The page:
The Hilux, built in South Africa with factory support, are a little less spectacular with their classic pickup shape than the Mini and the Peugeot. Technically, however, the Hilux are The rigid rear axle has long been a thing of the past and has given way to a modern independent suspension system, and Toyota has now got something larger air restrictors. The naturally aspirated V8 engine should therefore produce around 400 hp - at least at sea level. 'Compared to last year, the Toyota are one second faster per kilometer,' says last year's winner Nani Roma.

Fear of the Höhe

'A quarter of the special stages will take place at over 3,500 meters this timeinstead, ”says Peugeot sports director Bruno Famin. 'The thin mountain air is a big challenge.' With the turbodiesel engines from Mini and Peugeot, the low-oxygen environment has a far less negative effect than with the naturally aspirated engines in the Toyota and Gordon's Gordini Percentage to be expected.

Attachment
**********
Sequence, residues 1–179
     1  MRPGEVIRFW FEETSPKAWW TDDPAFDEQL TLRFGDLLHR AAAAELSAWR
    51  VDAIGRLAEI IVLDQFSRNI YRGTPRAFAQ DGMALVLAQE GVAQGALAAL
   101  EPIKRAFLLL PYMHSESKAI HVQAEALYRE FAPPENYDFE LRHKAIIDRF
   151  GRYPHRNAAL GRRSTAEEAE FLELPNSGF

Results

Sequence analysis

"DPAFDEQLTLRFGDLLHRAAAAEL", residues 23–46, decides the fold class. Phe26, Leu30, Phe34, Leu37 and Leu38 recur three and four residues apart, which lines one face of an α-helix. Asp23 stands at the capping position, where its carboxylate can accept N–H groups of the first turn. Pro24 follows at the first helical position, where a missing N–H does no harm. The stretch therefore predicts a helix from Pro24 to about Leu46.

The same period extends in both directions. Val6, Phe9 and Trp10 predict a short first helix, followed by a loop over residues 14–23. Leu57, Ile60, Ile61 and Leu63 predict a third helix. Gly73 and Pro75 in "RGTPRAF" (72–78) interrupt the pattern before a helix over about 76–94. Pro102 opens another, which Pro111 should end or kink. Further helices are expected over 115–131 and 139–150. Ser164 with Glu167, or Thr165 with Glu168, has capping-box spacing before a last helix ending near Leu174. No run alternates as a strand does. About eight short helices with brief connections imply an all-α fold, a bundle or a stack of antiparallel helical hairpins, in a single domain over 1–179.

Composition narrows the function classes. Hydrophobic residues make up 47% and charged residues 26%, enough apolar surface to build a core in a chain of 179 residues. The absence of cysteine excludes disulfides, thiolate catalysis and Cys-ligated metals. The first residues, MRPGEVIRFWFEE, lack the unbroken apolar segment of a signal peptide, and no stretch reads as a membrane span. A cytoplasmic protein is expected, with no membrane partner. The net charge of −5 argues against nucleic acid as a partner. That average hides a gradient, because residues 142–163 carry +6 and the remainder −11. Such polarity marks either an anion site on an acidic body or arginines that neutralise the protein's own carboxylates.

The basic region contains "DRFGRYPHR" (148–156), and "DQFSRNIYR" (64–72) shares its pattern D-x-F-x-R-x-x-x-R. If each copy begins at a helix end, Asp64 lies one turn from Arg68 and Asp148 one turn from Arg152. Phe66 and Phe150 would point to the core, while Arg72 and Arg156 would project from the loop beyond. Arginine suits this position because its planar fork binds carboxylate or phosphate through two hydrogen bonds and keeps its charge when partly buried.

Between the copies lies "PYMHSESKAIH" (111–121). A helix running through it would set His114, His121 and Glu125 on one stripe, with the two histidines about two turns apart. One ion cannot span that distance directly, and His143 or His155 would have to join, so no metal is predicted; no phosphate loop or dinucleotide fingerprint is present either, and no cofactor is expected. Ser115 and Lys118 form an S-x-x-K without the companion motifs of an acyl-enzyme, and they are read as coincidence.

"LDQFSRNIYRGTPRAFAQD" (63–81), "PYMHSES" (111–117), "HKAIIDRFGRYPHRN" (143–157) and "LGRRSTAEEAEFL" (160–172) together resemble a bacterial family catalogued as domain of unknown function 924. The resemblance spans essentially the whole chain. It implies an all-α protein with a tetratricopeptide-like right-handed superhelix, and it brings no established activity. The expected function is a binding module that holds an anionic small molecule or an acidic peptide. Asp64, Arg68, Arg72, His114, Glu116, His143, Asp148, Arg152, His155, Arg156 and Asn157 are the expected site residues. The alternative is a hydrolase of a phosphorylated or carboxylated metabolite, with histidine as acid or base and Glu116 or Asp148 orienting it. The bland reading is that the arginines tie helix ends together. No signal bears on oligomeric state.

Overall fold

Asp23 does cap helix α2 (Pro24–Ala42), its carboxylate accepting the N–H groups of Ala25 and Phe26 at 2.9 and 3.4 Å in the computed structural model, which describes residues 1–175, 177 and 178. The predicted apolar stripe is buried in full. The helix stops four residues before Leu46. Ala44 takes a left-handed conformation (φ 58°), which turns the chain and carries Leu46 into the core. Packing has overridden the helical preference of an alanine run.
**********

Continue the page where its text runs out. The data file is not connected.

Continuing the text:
The physical challenge for the driver and front passenger should not be underestimated either, because everyone knows that anyone can get sick at altitude, even the fittest. The best remedy for dizziness, fatigue and nausea is sufficient Acclimatization. But there is hardly time for that. On Saturday, January 10th, it goes from Iquique on the Pacific in Chile up into the Andes. Sleeping is at 3,600 meters, at the Uyuni salt lake in Bolivia. The special stages even take place in one Altitude of more than 4,000 meters.

Some crews are preparing for the hostile environment with a tried and tested trick by Himalayan mountaineers: Nani Roma's co-driver Michel Périn, for example, has been sleeping at home in a special 'high tent' for weeks. 'Here I can lower the oxygen content,' says the Frenchman. 'This simulates an altitude of around 3000 meters.'